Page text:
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Just and example of how you can work with pointers of arrays:

The Code

!/usr/bin/perl -w
use strict;

sub main {
    my $ref = makeArray();
    print "\$ref = $ref \n";
    print "\n";
    print "\@ref = @$ref \n";

sub makeArray {
    my @array = ("one", "two", "three");
    print @array, "\n";
    return ( \@array );


$ref = ARRAY(0x1098ae0)

@ref = one two three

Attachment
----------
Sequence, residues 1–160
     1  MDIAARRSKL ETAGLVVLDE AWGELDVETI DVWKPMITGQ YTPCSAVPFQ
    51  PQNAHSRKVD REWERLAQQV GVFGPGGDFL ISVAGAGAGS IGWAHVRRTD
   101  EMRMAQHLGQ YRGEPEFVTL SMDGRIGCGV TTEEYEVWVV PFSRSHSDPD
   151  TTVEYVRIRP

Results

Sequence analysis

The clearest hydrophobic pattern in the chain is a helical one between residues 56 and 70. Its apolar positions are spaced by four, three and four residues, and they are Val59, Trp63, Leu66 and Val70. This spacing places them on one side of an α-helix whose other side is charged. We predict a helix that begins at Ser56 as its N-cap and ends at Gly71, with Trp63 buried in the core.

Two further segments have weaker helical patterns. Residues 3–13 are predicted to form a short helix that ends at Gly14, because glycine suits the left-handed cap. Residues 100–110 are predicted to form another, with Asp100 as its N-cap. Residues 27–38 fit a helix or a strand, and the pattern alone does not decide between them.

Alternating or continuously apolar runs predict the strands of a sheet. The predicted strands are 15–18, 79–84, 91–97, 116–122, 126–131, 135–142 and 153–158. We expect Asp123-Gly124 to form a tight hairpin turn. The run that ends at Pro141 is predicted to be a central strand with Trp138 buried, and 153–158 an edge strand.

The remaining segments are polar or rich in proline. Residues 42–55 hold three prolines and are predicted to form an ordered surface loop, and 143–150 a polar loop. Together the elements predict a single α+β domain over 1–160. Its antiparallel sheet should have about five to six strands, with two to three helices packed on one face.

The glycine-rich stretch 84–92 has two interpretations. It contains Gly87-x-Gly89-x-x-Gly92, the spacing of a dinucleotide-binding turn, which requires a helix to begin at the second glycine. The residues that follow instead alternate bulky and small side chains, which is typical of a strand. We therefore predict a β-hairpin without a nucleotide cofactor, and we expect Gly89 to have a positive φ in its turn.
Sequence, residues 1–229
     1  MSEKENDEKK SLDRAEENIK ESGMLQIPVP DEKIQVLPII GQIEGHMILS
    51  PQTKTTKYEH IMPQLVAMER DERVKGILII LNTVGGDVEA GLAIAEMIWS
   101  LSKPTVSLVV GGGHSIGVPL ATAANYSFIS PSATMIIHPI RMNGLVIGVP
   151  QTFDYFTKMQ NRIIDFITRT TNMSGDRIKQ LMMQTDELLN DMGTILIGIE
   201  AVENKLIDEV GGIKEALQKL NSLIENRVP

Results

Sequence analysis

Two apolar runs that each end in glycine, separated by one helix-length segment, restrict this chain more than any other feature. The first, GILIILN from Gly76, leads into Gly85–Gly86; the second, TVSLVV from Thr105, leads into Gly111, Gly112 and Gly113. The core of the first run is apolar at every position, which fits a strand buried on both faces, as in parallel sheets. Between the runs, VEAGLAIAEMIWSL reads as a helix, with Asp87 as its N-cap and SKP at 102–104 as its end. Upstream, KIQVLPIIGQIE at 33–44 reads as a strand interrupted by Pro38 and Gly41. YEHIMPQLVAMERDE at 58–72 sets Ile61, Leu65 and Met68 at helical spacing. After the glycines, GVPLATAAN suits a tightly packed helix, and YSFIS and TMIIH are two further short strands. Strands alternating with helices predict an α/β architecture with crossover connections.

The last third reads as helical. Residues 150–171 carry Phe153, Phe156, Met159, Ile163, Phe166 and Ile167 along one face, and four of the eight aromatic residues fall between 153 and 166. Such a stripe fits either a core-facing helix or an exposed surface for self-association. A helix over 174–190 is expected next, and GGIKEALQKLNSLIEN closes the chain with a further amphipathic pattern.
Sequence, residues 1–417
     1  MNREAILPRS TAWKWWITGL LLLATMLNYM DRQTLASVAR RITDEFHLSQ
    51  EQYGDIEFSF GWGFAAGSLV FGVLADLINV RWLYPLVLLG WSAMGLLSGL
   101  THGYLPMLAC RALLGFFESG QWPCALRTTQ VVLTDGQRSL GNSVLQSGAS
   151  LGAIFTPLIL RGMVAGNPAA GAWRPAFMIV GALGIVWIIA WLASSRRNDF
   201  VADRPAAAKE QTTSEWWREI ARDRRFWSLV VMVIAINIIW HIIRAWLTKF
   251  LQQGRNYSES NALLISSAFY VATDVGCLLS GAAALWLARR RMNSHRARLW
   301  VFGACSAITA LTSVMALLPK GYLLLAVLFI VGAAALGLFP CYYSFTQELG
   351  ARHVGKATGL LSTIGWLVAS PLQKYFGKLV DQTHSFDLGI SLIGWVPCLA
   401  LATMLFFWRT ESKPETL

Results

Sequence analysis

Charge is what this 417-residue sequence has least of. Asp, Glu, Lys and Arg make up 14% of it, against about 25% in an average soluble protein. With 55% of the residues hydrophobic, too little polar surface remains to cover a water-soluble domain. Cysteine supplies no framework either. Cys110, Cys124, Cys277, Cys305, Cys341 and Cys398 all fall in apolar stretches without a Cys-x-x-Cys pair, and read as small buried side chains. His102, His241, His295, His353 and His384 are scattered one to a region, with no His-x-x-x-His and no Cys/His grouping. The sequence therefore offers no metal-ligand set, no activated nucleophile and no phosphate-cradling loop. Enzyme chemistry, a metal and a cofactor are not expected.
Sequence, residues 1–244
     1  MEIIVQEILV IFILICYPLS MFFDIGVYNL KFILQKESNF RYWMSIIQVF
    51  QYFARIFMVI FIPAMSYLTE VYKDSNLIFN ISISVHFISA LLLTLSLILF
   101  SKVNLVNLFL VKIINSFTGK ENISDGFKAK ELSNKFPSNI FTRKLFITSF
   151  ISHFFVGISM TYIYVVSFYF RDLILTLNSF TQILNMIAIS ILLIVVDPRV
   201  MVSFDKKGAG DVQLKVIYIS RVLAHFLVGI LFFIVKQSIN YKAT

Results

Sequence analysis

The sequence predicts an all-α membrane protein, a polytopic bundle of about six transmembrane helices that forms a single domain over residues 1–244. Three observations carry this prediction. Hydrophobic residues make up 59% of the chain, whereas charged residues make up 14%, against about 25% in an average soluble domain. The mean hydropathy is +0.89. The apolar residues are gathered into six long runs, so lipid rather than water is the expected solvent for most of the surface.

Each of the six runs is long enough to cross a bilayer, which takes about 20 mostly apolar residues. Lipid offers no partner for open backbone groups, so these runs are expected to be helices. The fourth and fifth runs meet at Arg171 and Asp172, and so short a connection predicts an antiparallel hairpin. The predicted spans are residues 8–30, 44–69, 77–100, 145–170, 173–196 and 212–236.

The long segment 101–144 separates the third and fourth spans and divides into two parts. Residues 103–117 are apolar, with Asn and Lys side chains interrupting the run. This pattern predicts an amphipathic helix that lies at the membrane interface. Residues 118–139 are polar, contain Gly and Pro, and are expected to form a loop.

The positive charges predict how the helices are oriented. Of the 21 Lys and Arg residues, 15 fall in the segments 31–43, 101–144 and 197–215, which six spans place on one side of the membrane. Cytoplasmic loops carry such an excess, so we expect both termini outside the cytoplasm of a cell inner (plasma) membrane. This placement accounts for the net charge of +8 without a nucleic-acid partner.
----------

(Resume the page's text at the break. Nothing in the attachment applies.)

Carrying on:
"When you encounter a scalar like $foo, you should be thinking "the scalar value of foo." That is, there's a foo entry in the symbol table, and the $ funny character is a way of looking at whatever scalar value might be inside. If what's inside is a reference, you can look inside that (dereferencing $foo) by prepending another funny character. Or looking at it the other way around, you can replace the literal foo in $foo with a scalar variable that points to the actual referent. This is true of any variable type, so not only is $$foo the scalar value of whatever $foo refers to, but @$bar is the array value of whatever $bar refers to, %$glarch is the hash value of whatever $glarch refers to, and so on. " - Programming Perl, Third Edition (8.3.1. Using a Variable as a Variable Name)